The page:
House Panel Investigating COVID-19 Outbreaks at Tyson, JBS, Smithfield Plants

February 1, 2021 Updated: February 1, 2021

A special House of Representatives panel is probing COVID-19 outbreaks at major meatpacking plants.

The Select Subcommittee on the Coronavirus Crisis says major companies have shown a disregard for the health of their workers amid the COVID-19 pandemic.

In letters to Tyson Foods, Smithfield Foods, and JBS USA, Chairman James Clyburn (D-S.C.) accused them of taking actions that “appear to have resulted in thousands of meatpacking workers getting infected with the virus and hundreds dying.”

Clyburn asked the companies to provide documents relating to complaints from employees regarding the CCP (Chinese Communist Party) virus, which causes COVID-19, documents related to virus-related inspections at facilities and plants, and details on the number of employees who have tested positive for COVID-19.

Smithfield’s chief administrative officer, Keira Lombardo, said in a statement that the company has “taken seriously our responsibility to protect the health and safety of employees while continuing to provide food for our nation.”

“From early in the pandemic, we have taken extraordinary measures to protect our team members from the virus and we have met or exceeded the prevailing federal, state and local health and safety guidance, including with personal protective equipment. It is unfortunate that there are inaccuracies and misinformation in the media on this issue and we look forward to providing the Subcommittee with correct information,” Lombardo added, saying Smithfield has invested more than $700 million to protect employees.

A JBS spokesperson told The Epoch Times in an emailed statement that it would submit documents to the subcommittee.

“Since the onset of the pandemic, JBS USA has invested more than $200 million in health and safety interventions, more than $160 million in bonuses and permanent increased pay, and donated more than $50 million to support our local communities,” the spokesperson said. The company has implemented safety measures including constructing permanent physical barriers and establishing physical distancing protocols.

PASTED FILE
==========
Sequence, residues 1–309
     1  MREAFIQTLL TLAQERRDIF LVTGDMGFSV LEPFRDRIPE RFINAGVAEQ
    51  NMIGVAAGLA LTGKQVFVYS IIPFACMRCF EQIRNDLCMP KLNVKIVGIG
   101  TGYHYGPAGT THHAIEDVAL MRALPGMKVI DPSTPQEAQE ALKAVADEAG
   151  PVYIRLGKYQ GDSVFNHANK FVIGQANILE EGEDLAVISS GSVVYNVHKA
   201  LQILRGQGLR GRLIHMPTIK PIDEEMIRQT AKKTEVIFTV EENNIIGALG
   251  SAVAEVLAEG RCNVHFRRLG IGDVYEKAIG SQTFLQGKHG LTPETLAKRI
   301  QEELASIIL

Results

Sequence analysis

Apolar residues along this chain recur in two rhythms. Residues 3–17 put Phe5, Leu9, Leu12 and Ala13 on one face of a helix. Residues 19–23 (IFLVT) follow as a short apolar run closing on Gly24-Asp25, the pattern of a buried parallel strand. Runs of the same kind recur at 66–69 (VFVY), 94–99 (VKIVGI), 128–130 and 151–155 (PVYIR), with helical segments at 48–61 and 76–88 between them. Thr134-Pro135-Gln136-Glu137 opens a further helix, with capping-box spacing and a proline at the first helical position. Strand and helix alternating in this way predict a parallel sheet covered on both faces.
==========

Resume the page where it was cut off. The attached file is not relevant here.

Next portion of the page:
Tyson didn’t return an inquiry.

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Rep. James Clyburn (D-S.C.) is seen attending President Joe Biden’s inauguration in Washington on Jan. 20, 2021. (Win McNamee/Pool/AFP via Getty Images)

According to a study by the National Academy of Sciences published last year, meatpacking plants were associated with between 236,000 to 310,000 coronavirus cases and 4,300 to 5,200 coronavirus deaths as of July 21, 2020. The Centers for Disease Control and Prevention has said meatpacking plants are a source for “rapid transmission” of the CCP virus.

Clyburn also wrote to the Occupational Safety and Health Administration (OSHA), alleging the body “failed to adequately carry out its responsibility for enforcing worker safety laws at meatpacking plants across the country, resulting in preventable infections and deaths.”

“It is imperative that the previous Administration’s shortcomings are swiftly identified and rectified to save lives in the months before coronavirus vaccinations are available for all Americans,” he added.

Clyburn requested a briefing by Feb. 15 and documents and information concerning how many virus-related complaints OSHA has received in connection to meatpacking and meat processing facilities, among other data.

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